Recently teachers from the metropolitan area had a chance to study poetry with one of the nation’s most celebrated poets: Lehman College’s Distinguished Professor of English Billy Collins—a former two-time U.S. Poet Laureate.
The special seminar was part of the New York Public Library’s prestigious Academy of Teachers program that pairs accomplished high school teachers, who are selected by their peers to win entrance in the program, with an acknowledged master of a particular subject—in this case, poetry—for a day long master class.
“It’s not so much about teaching or classroom strategy,” noted Professor Collins, who brought the Academy of Teachers event to Lehman College, where he has been a member of the faculty for more than 40 years, “it’s really about the poetry.” For the seminar each teacher was given a list of poems, selected by Collins, including works by Elizabeth Bishop, Samuel Taylor Coleridge, and Richard Wilber.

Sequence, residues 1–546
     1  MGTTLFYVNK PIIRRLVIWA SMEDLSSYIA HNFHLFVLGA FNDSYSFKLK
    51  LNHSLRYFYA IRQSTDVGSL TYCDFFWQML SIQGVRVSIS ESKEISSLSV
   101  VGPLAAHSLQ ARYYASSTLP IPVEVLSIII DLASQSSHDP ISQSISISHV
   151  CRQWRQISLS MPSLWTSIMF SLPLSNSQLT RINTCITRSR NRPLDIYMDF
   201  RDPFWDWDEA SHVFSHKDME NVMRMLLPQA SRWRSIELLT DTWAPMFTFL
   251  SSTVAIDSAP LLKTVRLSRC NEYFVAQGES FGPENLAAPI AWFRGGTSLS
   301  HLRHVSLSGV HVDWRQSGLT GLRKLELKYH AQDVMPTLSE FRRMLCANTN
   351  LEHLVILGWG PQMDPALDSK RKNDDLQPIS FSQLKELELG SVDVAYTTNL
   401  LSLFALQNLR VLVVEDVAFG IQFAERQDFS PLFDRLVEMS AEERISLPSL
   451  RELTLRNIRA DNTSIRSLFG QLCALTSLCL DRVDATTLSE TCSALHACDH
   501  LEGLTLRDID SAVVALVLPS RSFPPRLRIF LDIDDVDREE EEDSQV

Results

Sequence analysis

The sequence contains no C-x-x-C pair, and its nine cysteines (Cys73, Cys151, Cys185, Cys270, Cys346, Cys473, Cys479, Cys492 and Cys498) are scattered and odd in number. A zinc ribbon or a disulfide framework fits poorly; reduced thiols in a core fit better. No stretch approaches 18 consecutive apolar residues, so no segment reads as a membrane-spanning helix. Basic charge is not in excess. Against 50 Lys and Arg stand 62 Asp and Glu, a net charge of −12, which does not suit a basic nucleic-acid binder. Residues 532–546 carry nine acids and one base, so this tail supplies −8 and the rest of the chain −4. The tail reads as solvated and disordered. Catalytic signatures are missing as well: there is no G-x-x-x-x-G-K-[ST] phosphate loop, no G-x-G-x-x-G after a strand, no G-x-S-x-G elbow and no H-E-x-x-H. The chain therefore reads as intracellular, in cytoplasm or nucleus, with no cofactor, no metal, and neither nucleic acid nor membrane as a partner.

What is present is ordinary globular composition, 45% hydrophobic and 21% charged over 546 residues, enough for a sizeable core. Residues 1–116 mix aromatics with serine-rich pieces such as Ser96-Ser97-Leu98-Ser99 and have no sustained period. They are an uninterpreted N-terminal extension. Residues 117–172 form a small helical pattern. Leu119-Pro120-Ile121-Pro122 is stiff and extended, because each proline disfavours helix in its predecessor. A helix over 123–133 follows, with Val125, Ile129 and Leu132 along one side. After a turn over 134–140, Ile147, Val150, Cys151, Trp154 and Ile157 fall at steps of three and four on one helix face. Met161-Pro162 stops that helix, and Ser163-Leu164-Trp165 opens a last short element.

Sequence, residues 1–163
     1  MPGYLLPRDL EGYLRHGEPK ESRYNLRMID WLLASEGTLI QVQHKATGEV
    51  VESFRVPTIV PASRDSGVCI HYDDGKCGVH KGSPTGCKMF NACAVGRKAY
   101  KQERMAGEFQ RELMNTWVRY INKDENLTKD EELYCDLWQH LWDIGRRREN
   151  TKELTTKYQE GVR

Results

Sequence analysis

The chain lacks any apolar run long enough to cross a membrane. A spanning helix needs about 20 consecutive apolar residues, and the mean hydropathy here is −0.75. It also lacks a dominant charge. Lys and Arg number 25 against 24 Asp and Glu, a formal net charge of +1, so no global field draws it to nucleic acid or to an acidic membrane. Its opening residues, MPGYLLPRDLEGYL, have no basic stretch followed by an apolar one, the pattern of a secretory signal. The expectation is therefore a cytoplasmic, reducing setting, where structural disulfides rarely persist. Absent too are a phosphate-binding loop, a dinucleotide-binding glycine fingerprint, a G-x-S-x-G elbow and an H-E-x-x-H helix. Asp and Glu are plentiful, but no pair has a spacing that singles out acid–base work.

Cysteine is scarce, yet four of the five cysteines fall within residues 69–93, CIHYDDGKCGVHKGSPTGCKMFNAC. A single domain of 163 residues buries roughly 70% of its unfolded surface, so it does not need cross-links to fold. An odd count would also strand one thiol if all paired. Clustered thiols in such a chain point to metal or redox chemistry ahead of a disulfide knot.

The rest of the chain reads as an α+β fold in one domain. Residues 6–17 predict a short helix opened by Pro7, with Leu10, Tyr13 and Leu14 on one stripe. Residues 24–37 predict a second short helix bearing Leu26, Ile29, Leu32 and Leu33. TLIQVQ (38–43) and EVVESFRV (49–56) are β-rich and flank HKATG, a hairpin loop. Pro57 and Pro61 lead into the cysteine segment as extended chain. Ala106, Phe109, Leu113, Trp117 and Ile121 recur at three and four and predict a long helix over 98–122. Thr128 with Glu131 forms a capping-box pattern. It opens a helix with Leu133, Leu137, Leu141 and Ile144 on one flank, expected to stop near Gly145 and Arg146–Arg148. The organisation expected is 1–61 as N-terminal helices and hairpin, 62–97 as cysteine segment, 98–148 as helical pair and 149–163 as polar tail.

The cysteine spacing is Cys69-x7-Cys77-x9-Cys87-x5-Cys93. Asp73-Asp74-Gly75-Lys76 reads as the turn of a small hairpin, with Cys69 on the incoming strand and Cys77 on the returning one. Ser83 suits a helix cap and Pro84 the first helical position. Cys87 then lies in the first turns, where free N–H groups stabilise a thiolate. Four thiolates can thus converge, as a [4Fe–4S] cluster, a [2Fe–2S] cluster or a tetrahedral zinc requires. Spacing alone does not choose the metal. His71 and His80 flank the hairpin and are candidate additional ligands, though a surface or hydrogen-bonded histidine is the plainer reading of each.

For Danny Schott, an English teacher at Brooklyn Tech High School, the event was a dream come true. “It was terrific, as a teacher and a poet it was just what I wanted,” he said.
While Schott appreciated the practical advice that Collins gave for teaching, his favorite part of the class was the advice that Collins shared about the craft of poetry. “He said, when writing a poem, ‘Start in Kansas and end in Oz,’” recalls Schott. “That is, in your own writing make it relatable in the beginning but then let the poem go where it will.”
Besides being the U.S. Poet Laureate from 2001-2003, Professor Collins has been the New York State Poet Laureate from 2004-2006. His best-selling works include Picnic, Lightning; Questions about Angels; The Art of Drowning; and his latest work, Horoscopes for the Dead.
Among his numerous awards are the Poetry Foundation’s Mark Twain Award (2004), the Nashville Public Library Literary Award (2010), and fellowships from the New York Endowment for the Arts, the National Endowment for the Arts, and the Guggenheim Foundation.